Saints Row IV is Crackdown 3

Perhaps me spending a lot of time re-playing Crackdown 2 recently was just a happy coincidence. but, when I started Saints Row IV this week, the similarities between it and the Crackdown franchise were immediately apparent. In fact, Saints Row IV may just be the Crackdown sequel gamers have been waiting for.

Maybe the biggest addition to the franchise in Saints Row IV is the introduction of super powers. Early on in the game, you get super sprint and super jump abilities, which make navigating the world feel very similar to a powered up agent in Crackdown. Saints Row IV also features golden orb-shaped robots that you have to chase down . In Crackdown 2, these were known as “Renegade Orbs,” but Saints Row IV refers to them as “CID Command Orbs.” They function pretty much the same though, granting rewards for tracking them down.

Using your jump powers to bound from building to building like the Hulk feels very much like jumping around in Crackdown. As you get further into the game, you get a wider variety of powers than what Crackdown offers, but the moment to moment gameplay still feels very much like Crackdown, as you’re often using a combination of your powers as well as firearms to deal with large crowds of enemies.

I was already a huge fan of the Saints Row series, but by sprinkling in a dose of one of my other favorite franchises, Volition may have created my favorite open world action game yet.


WiiU Price Drop–Better Late Than Never


Nintendo announced this week a $50 price drop for the deluxe version of the WiiU. This price drop will take effect on September 20th, the same day the new Legend of Zelda: Wind Waker HD bundle comes out. Even better, the Wind Waker HD bundle will also retail for $299, and will include a Zelda-themed GamePad, and a digital version of the Hyrule Historia compendium, which, if you haven’t seen it, is amazing.

So, the price drop puts the full-fledged version of the WiiU at $299. The PS4 will retail for $399 and the XBox One for $499. From a price standpoint, I feel like WiiU would be better priced at $249, but the fact that Nintendo has now aligned the console at $100 bucks cheaper than PS4 and $200 cheaper than Xbox One is a great thing. There are now clearly three options out there, and for those who are making the choice based primarily on price, there is at least now a marked difference between Nintendo and the other consoles.

The Zelda bundle is a no-brainer if you are even considering getting a WiiU. Hyrule Historia alone launched at $35 and is an amazing tome. Throw in the game and the special controller, and that’s a great package.

As much as the WiiU’s lineup of games has been maligned, by the time the other two new consoles launch, WiiU will have a pretty nice stable of games. We already have Nintendoland, LEGO City Undercover, Pikmin 3, New Super Mario Bros. U and Super Luigi U, ZombiU, Monster Hunter 3 Ultimate and Game & Wario among the more notable titles. Wonderful 101 and Rayman Legends are just around the corner, with Wind Waker HD and Scribblenauts Unmasked (the DC Universe Scribblenauts game) following right behind. All of those games are either out now or will be by the time the next PlayStation and Xbox consoles launch. Not too shabby.

So yes, Nintendo completely squandered the year long head start it had to build WiiU momentum. And the third party support is as bad as we all feared it would be. BUT, the price drop will help overall sales, and there are plenty of great games out now and coming in the near future to make the WiiU a worthwhile purchase.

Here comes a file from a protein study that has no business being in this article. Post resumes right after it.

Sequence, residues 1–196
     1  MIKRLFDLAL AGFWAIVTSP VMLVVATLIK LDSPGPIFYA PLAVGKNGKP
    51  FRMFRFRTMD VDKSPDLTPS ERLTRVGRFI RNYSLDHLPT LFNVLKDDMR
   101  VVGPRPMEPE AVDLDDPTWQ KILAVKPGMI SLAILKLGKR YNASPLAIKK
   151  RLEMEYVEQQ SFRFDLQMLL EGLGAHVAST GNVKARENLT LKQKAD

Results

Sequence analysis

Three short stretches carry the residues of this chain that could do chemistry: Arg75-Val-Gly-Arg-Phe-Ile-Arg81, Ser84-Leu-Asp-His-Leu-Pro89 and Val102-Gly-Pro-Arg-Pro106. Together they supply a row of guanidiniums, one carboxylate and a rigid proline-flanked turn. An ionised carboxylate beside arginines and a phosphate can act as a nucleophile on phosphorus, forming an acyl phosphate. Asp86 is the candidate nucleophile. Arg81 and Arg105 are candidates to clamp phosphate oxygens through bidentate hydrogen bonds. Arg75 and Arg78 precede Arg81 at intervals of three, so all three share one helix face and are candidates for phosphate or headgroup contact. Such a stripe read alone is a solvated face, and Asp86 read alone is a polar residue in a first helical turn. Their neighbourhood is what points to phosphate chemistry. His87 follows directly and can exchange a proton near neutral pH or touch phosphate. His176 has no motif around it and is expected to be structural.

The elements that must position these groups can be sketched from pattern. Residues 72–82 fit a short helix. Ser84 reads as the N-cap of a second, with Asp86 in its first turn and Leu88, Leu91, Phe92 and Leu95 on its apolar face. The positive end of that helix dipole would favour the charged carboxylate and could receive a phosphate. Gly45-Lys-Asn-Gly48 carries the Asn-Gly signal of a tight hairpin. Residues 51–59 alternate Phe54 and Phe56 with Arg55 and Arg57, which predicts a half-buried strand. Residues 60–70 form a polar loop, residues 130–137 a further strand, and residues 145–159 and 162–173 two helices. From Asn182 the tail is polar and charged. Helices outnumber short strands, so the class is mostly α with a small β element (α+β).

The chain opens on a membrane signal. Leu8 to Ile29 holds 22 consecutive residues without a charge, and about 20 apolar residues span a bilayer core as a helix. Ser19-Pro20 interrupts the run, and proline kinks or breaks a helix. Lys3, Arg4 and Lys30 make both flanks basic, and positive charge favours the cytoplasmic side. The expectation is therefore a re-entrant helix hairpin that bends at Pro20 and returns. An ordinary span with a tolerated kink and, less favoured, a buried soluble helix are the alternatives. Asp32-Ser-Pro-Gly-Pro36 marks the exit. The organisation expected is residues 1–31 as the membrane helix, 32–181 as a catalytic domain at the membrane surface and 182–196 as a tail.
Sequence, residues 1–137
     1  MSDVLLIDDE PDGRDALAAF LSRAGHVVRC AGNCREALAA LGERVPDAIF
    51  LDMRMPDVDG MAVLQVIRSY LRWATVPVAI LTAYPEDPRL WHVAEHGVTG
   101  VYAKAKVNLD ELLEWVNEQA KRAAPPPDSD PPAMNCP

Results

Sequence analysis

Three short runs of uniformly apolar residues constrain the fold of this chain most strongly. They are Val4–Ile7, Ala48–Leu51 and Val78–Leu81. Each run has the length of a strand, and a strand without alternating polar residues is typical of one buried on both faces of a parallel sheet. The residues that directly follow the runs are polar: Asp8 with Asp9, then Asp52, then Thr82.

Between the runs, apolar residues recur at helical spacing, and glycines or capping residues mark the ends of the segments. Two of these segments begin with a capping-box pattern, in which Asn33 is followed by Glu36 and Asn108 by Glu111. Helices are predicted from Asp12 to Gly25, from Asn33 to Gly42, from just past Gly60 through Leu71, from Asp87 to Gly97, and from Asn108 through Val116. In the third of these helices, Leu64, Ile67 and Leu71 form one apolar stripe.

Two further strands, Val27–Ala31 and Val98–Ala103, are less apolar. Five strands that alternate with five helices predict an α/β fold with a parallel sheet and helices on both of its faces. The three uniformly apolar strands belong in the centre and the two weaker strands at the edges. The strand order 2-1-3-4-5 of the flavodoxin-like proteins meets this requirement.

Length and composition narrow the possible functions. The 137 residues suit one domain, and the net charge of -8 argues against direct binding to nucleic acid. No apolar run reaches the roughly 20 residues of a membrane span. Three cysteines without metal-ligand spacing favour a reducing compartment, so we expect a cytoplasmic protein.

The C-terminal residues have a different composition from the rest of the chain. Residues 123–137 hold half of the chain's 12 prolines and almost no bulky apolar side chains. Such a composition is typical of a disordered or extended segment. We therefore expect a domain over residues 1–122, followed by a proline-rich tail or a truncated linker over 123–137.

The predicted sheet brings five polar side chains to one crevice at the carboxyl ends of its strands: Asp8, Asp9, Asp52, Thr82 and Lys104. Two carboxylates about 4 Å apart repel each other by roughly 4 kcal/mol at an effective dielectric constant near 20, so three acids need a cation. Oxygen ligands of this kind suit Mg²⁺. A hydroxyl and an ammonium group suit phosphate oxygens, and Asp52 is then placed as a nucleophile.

The biggest question for Nintendo now is whether or not the WiiU price cut was too little and too late. There is no question they should have either priced the console lower at the start or cut the price as soon as the game drought hit. Whether this move turns the console’s fortunes around remains to be seen, but I will never doubt Nintendo’s ability to turn things around after what they did with the 3DS, which is now blowing the doors off every other console in terms of sales.

There are still a couple of things I’d like to see Nintendo do that I think could go a long way to helping speed the recovery of the WiiU. For starters, an Ambassador Program for early adopters would be nice, similar to what Nintendo did with the 3DS. Building in more interactivity between the 3DS and the WiiU (like remote play or using the 3DS as an alternate controller) would be great as well. But I think the biggest thing Nintendo needs to work on with the WiiU is its implementation of the GamePad. Outside of ZombiU, Nintendoland and LEGO City Undercover (to a much smaller degree), hardly any games take advantage of the functionality of the GamePad. It’s one of the defining factors of the console, and it’s sorely underutilized.

For now though, I’m happy that the price cut has finally arrived, the games are starting to pile up, and a new bundle is on the way. Here’s hoping it’s enough to get the WiiU back on track for this holiday season.


How Amazon Could Re-Create the Wii’s Success

So, rumors were flying around the internet this week that Amazon is currently developing an Android-based gaming console, which will be released before Black Friday this holiday shopping season.

Now, most avid gamers will scoff at this potential news, for a few reasons. First, the recently-released Ouya Android gaming console has received mixed reviews at best, and while we haven’t seen actual sales numbers, the console does not appear to be selling briskly.

Second, we have the Xbox One and Playstation 4 coming this holiday season, and most avid gamers that are looking for new hardware will be investing in one or both of those consoles.

Finally, many avid gamers associate Android (and iOS for that matter) games with phones and tablets, and tend to look at those games as inferior experiences to console and dedicated handheld gaming.

Here’s the thing, though–avid gamers looked at another gaming console as providing inferior experiences to more casual audiences. That console was Nintendo’s Wii, and it recently crossed the 100 million-sold mark since it’s 2006 release. Unfortunately for Nintendo, when they developed the WiiU, they got away from what made them so successful last generation created an expensive console that left more casual gamers behind.

Amazon has a golden opportunity here to fill a missing spot in this upcoming console generation. For that matter, Apple does as well, but seems uninterested in taking gaming further than it currently is on iOS devices. Both Amazon and Apple already have app-based ecosystems full of games. Unlike the Ouya, they also both have brand recognition and a built in consumer base. So, if Amazon decided to put together an inexpensive gaming console that featured a controller and played all the games on their app store and then some? A lot of parents would be seriously considering that console for their kids this holiday season.